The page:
Dog Tags 101: What You Need to Know to Keep Your Pet Safe

Collar that has microchip tag
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If your pet is microchipped, you should attach a tag to your pet's collar with the company's name and phone number.

How Often Should I Change My Pet's Tags?

Each time that your pet is revaccinated, make sure that you affix the new tag to his collar. It’s also important to update tags whenever you move or change your phone number.

You should also check your pet’s tags every couple of months for legibility. “Most ID tags are not engraved very deeply, and the information does tend to wear off,” says Smith. “Make sure they’re still easily readable, and replace them if they’ve become worn or scratched.”

Smith also recommends keeping one or two spare sets of tags around the house.

“Dogs lose tags more often than you think,” she says. “One of my dogs lost not one, not two, but three complete sets of tags — ID, chip registry and rabies — in the span of a couple years.”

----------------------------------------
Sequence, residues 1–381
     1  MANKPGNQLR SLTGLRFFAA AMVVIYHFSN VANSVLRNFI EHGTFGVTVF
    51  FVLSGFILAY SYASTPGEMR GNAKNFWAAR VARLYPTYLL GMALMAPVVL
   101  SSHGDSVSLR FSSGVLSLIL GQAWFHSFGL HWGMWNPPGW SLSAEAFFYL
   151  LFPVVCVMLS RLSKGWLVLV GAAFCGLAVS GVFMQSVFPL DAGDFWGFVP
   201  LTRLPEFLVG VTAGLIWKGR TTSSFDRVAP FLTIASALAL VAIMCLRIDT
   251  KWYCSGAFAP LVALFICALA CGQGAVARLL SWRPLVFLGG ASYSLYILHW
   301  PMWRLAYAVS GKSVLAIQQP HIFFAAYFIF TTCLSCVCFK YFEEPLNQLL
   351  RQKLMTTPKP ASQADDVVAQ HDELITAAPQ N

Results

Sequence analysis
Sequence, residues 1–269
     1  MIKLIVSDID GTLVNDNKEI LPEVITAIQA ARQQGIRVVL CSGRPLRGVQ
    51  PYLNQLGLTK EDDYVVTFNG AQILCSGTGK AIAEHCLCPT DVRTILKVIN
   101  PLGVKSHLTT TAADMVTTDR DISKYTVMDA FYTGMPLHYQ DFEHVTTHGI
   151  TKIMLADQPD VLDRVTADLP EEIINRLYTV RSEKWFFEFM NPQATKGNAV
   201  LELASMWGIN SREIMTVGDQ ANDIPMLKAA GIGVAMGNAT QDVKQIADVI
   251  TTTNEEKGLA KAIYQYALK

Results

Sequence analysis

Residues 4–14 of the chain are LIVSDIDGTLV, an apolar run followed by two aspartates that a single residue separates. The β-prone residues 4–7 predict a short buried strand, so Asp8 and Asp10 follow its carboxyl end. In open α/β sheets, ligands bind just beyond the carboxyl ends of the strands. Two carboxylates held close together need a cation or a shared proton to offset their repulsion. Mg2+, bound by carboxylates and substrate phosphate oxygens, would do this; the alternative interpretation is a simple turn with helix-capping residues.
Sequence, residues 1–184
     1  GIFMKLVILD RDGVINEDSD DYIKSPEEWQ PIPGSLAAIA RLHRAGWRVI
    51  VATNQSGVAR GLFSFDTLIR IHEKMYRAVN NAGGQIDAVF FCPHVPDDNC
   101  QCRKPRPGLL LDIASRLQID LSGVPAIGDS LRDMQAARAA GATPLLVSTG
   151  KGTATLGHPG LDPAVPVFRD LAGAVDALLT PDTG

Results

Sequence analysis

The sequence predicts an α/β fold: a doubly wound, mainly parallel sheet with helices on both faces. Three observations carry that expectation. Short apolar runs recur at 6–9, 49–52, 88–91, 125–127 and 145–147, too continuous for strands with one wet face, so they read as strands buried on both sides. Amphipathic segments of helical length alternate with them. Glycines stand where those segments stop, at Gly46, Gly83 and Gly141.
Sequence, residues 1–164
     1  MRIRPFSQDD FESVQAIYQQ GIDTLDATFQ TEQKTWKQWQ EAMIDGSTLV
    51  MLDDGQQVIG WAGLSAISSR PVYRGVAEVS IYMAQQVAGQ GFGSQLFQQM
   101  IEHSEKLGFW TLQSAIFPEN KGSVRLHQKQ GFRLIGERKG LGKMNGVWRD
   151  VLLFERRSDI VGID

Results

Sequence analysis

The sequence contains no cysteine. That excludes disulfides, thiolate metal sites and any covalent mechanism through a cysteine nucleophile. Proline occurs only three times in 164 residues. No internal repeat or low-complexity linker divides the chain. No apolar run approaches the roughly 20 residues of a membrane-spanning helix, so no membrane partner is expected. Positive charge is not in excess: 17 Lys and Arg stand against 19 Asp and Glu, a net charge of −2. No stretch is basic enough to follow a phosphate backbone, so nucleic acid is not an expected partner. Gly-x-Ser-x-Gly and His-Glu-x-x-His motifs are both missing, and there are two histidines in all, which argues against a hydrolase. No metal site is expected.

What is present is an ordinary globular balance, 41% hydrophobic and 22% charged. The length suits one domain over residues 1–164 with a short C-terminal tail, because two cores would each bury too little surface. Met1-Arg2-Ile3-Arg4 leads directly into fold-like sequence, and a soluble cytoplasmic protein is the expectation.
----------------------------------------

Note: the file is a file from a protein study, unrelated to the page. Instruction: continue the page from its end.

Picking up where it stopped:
What Should I Look For When Buying ID Tags?

Just like breeds of dogs, there are a variety of choices when it comes to pet tags. Bottom line: Choose one that fits your lifestyle best.

Globetrotting Pets If you travel with your pet often, you may want to consider portable tags, which are waterproof metal tubes or barrels that screw open and shut. You can write your hotel or destination contact information on a piece of paper to insert into the unit, and then change it whenever you head out of town.

Rambunctious Pets If you hate the sound of jangling tags, a dog tag silencer may be a good idea — especially for homes with sleeping babies. The soft pouches fit snugly around your pet's IDs, muffling the sound of clanging metal when he runs through the house to greet you.

All Pets If you know that you aren’t moving anytime soon, you may want to consider a tag that comes with a lifetime guarantee. These sturdy tags are typically made of stainless steel, and companies will replace them for free if they become illegible. Don’t want to deal with hanging tags, which tend to wear and fall off? Consider a secure collar tag, which is less likely to get caught on things.

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